In another addition of Continue the Conversation, we go to Eleanor Longden’s TEDtalk about the beginning of her schizophrenia which was prompted when she first began college.
Longden’s talk explains her struggles as a freshmen in college when the voices started, innocent enough as just narrating her life. As they increased, not only in numbers, but in what they said; she was encouraged to reach out for help. The voices weren’t the only change she noticed, but when she did mention the voice the doctors she spoke to sat up and took notice. As more voices began to speak to her, they encouraged her to do things to herself so that she would be deemed ‘worthy’ of their help.
In a desperate need to get rid of the voices, Longden attempted to drill a hole in her head to stop her mental decline.
Though, she dealt with a lot of abuse during her darkest days, she said that those memories pale in comparison to the good days. She holds on tightly to the people that helped her become a survivor, instead of focusing on those who attempted to drag her down. They helped her realize that the voices were the result of traumatic events that had occurred to her during her childhood, and were an insight into solvable, emotional problems.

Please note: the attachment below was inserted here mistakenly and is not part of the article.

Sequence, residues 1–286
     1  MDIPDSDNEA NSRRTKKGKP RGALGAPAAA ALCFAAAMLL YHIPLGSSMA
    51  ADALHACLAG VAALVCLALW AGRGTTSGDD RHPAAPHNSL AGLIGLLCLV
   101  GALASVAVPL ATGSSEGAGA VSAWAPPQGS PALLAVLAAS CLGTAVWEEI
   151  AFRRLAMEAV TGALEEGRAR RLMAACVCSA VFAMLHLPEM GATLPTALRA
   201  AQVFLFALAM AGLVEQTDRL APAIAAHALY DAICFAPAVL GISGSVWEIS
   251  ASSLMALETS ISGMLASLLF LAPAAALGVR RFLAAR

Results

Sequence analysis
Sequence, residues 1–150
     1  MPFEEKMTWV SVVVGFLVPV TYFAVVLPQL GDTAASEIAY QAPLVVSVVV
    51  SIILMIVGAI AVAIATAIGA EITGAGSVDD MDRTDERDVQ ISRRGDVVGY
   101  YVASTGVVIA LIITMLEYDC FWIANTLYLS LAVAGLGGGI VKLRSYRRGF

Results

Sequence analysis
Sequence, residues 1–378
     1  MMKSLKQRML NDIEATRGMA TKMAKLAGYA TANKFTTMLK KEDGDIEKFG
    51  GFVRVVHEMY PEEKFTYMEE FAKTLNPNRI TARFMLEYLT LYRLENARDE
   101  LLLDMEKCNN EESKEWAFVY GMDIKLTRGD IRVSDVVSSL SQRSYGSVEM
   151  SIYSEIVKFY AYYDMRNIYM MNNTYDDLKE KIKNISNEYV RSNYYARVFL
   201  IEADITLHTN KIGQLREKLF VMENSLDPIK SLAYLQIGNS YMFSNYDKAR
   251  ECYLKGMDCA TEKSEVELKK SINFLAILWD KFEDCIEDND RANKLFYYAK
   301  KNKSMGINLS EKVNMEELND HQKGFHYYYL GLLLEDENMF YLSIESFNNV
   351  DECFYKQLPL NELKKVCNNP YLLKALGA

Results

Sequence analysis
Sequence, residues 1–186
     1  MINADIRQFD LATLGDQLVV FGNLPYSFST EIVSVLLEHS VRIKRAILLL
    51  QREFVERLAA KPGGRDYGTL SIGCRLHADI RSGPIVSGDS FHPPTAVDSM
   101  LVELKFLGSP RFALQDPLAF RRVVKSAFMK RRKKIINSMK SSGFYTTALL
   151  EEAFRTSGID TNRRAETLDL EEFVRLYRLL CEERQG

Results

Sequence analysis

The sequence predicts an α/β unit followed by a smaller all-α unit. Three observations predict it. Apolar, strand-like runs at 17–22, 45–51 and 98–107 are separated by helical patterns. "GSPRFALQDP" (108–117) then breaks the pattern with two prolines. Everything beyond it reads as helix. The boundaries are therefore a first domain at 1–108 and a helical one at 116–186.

She began to decipher the messages the voices were telling her, and began to have positive reactions to them. Instead of the negative ones that resulted in self harm, and isolation. The voices took the pain that Longden had been suppressing, and gave them voices.
Her personal mantra is, in psychiatry, the question should not be ‘what is wrong with you?’ It should be ‘what’s happened to you?’
After overcoming the voices in her hand, Longden earned a master’s degree is psychology, and lectures and writes about recovery-orientated approaches to psychosis, dissociation, and complex trauma.